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November has been an eventful month for Indian poker. While the online front has been teeming with nail-biting action, the mood for the month was set when Team India championed the International Federation of Match Poker (IFMP) Asian Nations Cup on November 7. And at the forefront of that victory was one of India’s most prominent poker players – Gaurav Gala (cover image).
A renowned PLO specialist who is equally proficient in the NLHE format, Gala is an easily recognized face in the domestic circuit. He boasts of multiple scores in the international circuit that include deep runs in the WPT Barcelona Event #6 – €1,100 PLO (8th for €3,000 – ₹2.34 Lakhs) and The Big Wrap PLO €550 Warmup PLO (42nd for €1,326 – ₹1.03 Lakhs). He most recently final tabled the ₹20K PLO event at the Baazi Poker Tour (BPT) comeback series, where he finished ninth for ₹75,400.
Hailing from Mumbai, this MBA in Finance had his first brush with the mind sport way back in 2006. Initially, an investment banker by profession, Gala quit his job to join the family business of fast-food restaurants in 2008. He now runs the business with his partner, Hemang Joshi, and has even dabbled in pharmaceuticals, real estate, as well as the retail sector. The 35-year-old has recently opened a laundromat, ‘laundry360,’ with plans to establish a chain across the financial capital of India.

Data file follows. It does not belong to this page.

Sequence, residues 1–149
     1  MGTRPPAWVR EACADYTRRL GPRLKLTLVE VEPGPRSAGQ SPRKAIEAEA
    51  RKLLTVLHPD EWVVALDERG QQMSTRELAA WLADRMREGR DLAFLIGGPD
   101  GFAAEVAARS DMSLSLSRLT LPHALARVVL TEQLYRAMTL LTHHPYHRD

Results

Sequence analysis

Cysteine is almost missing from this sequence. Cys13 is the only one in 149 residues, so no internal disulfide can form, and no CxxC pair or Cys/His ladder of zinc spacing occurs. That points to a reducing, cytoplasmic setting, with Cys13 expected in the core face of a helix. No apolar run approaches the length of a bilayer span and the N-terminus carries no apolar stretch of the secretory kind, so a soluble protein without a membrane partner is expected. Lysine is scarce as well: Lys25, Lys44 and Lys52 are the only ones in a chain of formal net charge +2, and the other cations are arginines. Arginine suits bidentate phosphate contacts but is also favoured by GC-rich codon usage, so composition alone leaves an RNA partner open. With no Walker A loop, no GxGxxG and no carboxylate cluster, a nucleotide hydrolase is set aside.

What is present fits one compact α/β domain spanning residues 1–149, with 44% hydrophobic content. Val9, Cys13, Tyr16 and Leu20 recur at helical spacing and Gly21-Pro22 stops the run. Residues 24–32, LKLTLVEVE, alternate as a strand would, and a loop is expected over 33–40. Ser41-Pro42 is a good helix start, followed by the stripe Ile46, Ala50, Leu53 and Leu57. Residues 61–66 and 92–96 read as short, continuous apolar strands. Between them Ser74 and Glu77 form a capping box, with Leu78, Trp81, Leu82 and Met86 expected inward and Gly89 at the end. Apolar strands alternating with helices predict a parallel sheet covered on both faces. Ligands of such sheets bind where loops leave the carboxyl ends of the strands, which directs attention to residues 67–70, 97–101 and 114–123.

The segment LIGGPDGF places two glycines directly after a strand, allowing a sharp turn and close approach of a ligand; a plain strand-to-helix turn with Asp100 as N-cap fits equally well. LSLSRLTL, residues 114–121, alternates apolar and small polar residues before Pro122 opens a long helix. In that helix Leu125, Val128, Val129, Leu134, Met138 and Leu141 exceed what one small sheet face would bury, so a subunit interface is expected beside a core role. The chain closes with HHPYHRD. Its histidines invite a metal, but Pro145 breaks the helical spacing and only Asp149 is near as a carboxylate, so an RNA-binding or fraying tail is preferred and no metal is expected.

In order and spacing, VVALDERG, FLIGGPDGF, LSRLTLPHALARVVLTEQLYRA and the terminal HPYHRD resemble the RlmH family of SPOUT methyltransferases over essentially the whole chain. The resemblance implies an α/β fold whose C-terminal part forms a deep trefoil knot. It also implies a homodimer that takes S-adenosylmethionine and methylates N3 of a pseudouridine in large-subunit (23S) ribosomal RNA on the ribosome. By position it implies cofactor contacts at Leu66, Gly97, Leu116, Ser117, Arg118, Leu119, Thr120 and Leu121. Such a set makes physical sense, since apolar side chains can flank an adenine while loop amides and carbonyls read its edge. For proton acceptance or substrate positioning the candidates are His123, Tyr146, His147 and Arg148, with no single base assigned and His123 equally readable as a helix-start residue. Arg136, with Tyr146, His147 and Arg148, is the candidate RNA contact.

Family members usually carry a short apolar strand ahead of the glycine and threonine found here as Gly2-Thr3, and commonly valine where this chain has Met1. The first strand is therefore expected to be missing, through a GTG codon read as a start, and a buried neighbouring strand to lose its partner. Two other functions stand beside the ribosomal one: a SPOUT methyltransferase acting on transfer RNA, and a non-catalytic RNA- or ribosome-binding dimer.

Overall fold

Even with other business interests on the side, Gala pursues his passion for poker like a full-time professional. With such zeal for the sport, it is understandable why he was able to lead Team India to victory in the Asian Nations Cup.
Supported by an equally enthusiastic team of established pros, Aditya ‘Bitti’ Agarwal, Tanmay Bagga, and Rishab Jain, along with up-and-coming players, Prateek Mishra, Krina Gala, and Taran Mundkar, Gala magnificently captained his team, despite starting the last day of the competition on the back foot.
The Indian squad’s performance in the three-day-long event was truly spectacular. The team topped the leaderboard on Day 1 and Day 2. Even after they lost the lead on Day 3, the team managed to bounce back in time to claim the trophy to become first-time winners of the Asian Nations Cup!